The Flume Gorge

While in New Hampshire we visited the Flume Gorge, another example of the extreme natural beauty here. The Flume is a natural gorge in Franconia Notch State Park. It was discovered in 1808 by 93 year-old “Aunt” Jess Guernsey when she accidentally came upon it while fishing. At that time, a huge boulder hung suspended between the walls. In 1883 a heavy rainstorm swept the boulder from its place. It has never been found.

The Flume is home to an amazing variety of plants, including lots of moss and lichen.


Visitors walk up through the gorge for a beautiful 2 mile walk that includes lots of walking bridges. We also experienced the “Bear Cave”, a cave that has a large entrance that narrows to a tiny hole that you lift yourself up through (I made it through with everybody watching. Thank god for Pilates!) and the “Wolf Den” which is another cave with a tinier hole to exit.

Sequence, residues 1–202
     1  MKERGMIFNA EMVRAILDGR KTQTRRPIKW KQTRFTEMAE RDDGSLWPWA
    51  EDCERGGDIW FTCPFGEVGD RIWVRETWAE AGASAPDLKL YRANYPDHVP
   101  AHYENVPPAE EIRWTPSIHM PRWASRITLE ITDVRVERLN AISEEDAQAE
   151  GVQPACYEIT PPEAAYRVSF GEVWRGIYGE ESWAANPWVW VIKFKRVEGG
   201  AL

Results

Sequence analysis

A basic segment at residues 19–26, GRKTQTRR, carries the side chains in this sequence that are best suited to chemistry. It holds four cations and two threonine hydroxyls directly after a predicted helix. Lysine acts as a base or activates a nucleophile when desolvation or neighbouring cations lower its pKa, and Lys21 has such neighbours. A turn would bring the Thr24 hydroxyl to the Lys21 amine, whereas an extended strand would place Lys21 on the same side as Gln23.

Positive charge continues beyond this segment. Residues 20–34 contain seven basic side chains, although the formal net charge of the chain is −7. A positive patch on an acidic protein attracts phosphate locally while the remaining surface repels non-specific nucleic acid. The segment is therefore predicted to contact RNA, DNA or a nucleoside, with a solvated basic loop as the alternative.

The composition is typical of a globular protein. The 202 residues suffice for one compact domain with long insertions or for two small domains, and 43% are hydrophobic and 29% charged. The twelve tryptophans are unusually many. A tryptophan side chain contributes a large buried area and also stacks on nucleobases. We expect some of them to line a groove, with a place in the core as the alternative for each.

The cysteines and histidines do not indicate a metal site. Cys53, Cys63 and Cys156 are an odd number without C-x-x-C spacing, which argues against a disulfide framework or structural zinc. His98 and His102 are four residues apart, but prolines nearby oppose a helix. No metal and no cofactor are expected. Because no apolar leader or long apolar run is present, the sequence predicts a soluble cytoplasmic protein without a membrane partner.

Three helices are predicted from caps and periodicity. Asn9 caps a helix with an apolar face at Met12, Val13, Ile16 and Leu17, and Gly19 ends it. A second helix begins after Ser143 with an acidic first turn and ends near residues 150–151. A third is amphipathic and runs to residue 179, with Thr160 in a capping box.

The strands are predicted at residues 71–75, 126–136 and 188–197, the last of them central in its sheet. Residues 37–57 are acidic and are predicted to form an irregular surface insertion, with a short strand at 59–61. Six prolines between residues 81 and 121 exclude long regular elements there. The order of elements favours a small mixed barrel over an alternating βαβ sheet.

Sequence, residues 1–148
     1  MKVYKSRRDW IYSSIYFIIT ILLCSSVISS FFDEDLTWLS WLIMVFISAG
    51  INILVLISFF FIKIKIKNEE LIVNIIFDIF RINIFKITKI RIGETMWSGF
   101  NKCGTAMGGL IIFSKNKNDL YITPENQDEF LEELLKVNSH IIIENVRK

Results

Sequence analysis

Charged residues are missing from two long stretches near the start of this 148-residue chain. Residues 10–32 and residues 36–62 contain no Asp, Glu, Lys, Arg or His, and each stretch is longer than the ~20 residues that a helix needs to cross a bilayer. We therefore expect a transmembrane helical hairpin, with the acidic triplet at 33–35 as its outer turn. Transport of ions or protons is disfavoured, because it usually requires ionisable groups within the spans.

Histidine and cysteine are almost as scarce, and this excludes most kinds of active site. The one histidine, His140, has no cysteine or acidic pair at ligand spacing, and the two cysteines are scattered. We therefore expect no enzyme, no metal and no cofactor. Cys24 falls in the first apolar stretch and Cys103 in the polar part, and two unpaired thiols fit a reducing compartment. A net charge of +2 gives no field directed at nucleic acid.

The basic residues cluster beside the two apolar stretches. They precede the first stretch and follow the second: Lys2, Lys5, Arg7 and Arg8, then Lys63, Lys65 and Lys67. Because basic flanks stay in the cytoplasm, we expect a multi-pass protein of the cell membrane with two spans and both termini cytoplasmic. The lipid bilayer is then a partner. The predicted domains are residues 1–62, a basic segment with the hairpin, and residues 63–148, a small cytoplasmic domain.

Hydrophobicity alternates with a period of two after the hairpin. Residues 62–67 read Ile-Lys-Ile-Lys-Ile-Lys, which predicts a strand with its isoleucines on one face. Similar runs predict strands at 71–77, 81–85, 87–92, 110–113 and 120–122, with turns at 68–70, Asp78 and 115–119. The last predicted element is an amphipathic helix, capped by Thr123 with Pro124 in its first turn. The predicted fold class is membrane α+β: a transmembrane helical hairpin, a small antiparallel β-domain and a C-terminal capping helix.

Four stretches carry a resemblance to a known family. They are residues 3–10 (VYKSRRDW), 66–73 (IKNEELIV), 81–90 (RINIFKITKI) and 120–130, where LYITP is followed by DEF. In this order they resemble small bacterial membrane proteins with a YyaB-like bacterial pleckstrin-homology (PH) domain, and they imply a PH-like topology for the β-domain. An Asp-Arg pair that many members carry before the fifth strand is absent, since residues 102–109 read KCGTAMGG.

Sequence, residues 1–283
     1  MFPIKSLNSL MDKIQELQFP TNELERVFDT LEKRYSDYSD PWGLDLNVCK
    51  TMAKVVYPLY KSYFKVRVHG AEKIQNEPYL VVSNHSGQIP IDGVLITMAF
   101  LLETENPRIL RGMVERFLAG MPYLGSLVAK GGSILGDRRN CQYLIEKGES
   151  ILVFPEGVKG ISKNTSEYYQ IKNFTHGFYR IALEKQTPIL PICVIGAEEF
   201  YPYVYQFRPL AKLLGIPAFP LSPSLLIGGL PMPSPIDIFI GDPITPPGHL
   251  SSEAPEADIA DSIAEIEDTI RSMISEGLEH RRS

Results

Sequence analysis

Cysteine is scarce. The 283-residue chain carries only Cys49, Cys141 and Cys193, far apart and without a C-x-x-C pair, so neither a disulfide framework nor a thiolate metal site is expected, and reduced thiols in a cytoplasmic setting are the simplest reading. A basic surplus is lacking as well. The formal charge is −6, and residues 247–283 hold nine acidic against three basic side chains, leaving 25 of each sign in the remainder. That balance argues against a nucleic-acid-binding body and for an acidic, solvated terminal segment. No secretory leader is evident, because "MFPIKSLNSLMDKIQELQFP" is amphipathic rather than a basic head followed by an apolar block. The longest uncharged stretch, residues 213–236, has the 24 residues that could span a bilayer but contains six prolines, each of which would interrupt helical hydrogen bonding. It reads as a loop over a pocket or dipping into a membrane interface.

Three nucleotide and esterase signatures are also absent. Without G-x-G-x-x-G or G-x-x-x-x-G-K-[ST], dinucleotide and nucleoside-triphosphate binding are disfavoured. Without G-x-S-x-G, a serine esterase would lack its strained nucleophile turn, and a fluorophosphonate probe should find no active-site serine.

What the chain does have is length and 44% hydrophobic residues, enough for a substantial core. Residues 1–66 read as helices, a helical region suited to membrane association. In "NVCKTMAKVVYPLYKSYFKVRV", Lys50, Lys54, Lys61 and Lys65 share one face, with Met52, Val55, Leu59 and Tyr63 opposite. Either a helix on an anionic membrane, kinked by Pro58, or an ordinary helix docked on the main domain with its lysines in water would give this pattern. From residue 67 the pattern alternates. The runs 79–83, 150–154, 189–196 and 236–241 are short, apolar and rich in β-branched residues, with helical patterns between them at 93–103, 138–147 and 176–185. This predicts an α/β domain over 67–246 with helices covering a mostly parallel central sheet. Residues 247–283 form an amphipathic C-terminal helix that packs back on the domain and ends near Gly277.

The waterfalls and rock formations were beautiful.


Towards the end of the walk is the Sentinel Pine Bridge and Pool. The Pool is a deep basin in the Pemigewasset River. It was formed 14,000 years ago at the end of the Ice Age by a stream flowing from the glacier. The Pool is 40 feet deep and 150 feet in diameter. On the high cliff above the Pool, the Sentinel Pine stood for centuries. It was one of the largest in the state until a hurricane in 1938 uprooted the giant pine. Its trunk bridges the river and forms the base for the covered bridge.


If you ever have an opportunity to visit this gorgeous place it is definitely worth the trip. Try to see it before all of us humans overpopulate Earth and mess it up.


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